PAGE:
Yoga has been one of those exercises that I wanted to start and yet, never did. I’m not sure why I kept putting this off… unless it was just my inner procrastinator speaking up, but for whatever reasons or another, I could never get going with it. I’ve bought several DVDs, I got up early to watch Yoga on the fitness on demand channel, I admired (and sometimes wondered) about the videos on YouTube. But I could never motivate myself enough to make it a part of my fitness routine. Until now. So, that’s why I’m starting this yoga for beginners like me series on my blog. I’ll be honest with my attempts, successes, and failures. And, hopefully, prove to myself that yoga is really beneficial and that it’s more than just the awesome pants.
I am not a health professional, please consult your physician before beginning any fitness routine.
Years ago, I did pilates at home and loved it. My abs (and other muscle groups that I had no idea existed) didn’t quite appreciate it at first, but once I got into a regular routine, pilates was my thing. And then I stopped. I can’t remember why I stopped but I just stopped. After I stopped doing pilates, I briefly debated trying yoga because it seemed similar enough for me to pick up. I started looking at magazines, books, anything that I could get my hands on that was yoga for beginners.
But it never went beyond that.
I never purchased a yoga mat, or a yoga ball, or yoga clothes. My ambitions of starting yoga were purely in my head. Or at least until 2015 when I told myself that I was going to incorporate yoga into my health and wellness goals.
I finally resolved to myself that yoga was going to be one of my yearly goals. I knew I could start at home and with the proper motivation, it was something that I could commit to. And after a fabulous sale at Target (combined with a $50 gift card from my aunt), I had my yoga clothes ready to go. Add that in with another gift card to Amazon and I had my yoga mat and a beginners kit.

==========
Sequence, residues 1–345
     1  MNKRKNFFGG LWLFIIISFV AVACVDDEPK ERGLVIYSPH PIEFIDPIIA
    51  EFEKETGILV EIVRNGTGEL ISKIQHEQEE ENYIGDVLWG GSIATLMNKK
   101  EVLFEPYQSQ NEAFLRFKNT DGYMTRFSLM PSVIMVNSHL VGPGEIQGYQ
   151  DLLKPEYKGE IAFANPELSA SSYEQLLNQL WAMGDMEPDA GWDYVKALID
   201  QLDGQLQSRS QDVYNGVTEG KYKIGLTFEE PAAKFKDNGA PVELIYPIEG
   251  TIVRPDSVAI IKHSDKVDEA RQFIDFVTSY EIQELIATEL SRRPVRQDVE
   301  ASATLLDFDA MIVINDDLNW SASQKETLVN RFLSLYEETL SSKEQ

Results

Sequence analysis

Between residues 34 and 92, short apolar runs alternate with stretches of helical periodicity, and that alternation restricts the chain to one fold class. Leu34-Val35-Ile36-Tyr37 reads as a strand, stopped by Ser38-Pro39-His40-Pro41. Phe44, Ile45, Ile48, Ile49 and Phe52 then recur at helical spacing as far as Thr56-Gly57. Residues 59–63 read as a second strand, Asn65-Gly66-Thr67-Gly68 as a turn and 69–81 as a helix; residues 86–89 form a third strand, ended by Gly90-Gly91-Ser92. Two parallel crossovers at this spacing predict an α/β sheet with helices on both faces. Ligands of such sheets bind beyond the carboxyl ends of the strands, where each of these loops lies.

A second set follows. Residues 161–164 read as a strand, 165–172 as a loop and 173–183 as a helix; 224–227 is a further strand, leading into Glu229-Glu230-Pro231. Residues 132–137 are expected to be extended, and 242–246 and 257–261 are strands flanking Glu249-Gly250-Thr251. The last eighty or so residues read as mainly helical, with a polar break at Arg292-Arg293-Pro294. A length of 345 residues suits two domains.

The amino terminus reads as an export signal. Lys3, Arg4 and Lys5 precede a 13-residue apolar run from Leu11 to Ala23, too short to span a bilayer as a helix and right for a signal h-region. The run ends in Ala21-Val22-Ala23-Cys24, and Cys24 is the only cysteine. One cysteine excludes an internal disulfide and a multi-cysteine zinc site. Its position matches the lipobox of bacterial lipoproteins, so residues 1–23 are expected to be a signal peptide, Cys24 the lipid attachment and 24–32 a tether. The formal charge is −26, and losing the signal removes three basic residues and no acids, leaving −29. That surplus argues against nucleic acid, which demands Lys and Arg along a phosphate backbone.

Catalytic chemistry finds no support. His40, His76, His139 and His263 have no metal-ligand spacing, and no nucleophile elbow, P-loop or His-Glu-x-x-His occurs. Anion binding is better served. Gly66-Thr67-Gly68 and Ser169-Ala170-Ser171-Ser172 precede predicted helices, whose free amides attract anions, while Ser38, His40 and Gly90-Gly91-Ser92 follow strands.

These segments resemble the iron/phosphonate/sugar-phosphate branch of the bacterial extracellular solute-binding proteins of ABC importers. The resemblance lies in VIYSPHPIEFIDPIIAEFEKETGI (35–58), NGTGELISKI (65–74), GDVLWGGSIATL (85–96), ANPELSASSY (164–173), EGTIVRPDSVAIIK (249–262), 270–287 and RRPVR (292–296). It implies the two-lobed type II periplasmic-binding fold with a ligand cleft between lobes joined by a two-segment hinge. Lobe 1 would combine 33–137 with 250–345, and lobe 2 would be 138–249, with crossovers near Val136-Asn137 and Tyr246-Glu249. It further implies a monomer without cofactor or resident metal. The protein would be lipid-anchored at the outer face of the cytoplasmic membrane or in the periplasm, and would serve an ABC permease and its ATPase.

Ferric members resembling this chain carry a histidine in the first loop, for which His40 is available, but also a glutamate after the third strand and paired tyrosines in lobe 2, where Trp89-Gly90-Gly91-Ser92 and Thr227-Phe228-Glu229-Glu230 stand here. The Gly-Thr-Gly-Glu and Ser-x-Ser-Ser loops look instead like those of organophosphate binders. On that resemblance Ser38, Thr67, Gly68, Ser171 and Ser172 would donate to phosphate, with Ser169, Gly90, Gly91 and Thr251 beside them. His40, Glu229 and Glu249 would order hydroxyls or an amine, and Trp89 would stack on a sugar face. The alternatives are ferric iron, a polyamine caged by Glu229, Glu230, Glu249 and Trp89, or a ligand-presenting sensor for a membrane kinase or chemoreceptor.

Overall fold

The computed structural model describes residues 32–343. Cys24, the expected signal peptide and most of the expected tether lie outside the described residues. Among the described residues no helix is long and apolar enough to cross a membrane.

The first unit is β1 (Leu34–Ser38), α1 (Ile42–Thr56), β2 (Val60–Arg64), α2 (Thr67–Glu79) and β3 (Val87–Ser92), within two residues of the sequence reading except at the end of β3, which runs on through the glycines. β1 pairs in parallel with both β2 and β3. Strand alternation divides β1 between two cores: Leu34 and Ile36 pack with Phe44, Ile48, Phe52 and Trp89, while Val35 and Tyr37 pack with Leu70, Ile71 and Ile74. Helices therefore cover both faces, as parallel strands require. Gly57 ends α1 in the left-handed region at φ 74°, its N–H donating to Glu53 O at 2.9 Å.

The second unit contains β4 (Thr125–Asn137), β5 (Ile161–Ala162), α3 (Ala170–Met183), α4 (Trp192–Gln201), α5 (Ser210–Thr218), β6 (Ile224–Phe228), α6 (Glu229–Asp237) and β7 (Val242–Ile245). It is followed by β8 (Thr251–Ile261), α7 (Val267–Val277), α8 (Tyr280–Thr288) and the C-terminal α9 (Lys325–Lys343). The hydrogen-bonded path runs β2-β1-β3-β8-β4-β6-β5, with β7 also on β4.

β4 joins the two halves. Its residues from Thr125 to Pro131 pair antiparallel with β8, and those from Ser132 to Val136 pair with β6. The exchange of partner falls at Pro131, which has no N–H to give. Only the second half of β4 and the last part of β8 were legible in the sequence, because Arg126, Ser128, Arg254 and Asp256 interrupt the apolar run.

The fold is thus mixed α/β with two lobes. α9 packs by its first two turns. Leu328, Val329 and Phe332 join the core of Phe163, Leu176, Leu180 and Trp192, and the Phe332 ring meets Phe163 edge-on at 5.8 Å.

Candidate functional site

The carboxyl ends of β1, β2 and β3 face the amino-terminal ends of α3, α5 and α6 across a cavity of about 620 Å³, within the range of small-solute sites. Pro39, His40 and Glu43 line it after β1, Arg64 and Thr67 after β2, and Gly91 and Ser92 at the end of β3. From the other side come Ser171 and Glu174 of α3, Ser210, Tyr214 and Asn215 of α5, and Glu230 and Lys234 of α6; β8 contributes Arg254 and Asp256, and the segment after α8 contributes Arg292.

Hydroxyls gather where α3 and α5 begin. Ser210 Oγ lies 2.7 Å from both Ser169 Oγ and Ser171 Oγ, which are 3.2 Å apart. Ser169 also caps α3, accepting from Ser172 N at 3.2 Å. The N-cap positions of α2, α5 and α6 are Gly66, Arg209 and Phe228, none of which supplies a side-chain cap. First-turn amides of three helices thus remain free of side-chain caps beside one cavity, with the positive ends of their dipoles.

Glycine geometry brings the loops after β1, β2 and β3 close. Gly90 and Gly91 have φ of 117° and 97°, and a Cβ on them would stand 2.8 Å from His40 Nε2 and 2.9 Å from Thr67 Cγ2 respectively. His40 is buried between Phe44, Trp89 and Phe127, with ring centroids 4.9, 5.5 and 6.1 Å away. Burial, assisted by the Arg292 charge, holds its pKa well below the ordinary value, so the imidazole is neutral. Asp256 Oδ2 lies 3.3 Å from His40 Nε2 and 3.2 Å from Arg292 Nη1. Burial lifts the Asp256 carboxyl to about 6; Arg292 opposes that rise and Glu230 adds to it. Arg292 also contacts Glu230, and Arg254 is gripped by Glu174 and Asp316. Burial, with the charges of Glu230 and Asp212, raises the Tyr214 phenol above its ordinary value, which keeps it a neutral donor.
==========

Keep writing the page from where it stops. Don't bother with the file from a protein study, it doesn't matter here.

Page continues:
And it sat in the corner, collecting dust, still in it’s packaging. I would pass by it all the time but didn’t give it a second thought. That was until we were tidying up the living room and I realized- oh yeah! I have these cool yoga pants and a yoga robe.
So the first thing I had to ask myself was: Is yoga really for me? (…. or did I just want an excuse to purchase those comfy pants and yoga robe).
Yoga is the most popular and fast growing exercise trend of all. Over the last few years this form has really taken off and more and more people are choosing it among all other forms of exercise. Yoga is healthy and it is fun. Your entire body will get a total workout and a great stretch when you use yoga each day.
If you are ready to take your life in a whole new direction, one that is healthy and well balanced then yoga is probably for you.
There is an idea floating around among the populace that yoga is a painful experience. This is simply not the case. Yoga, if done correctly, can stretch your muscles but not hurt them. There are different forms so that everyone can find just the right kind of yoga for them. The best way to get involved in this fabulous exercise regime is to try a few different kinds. Start slow and do not push yourself too hard. That is how so many people get hurt.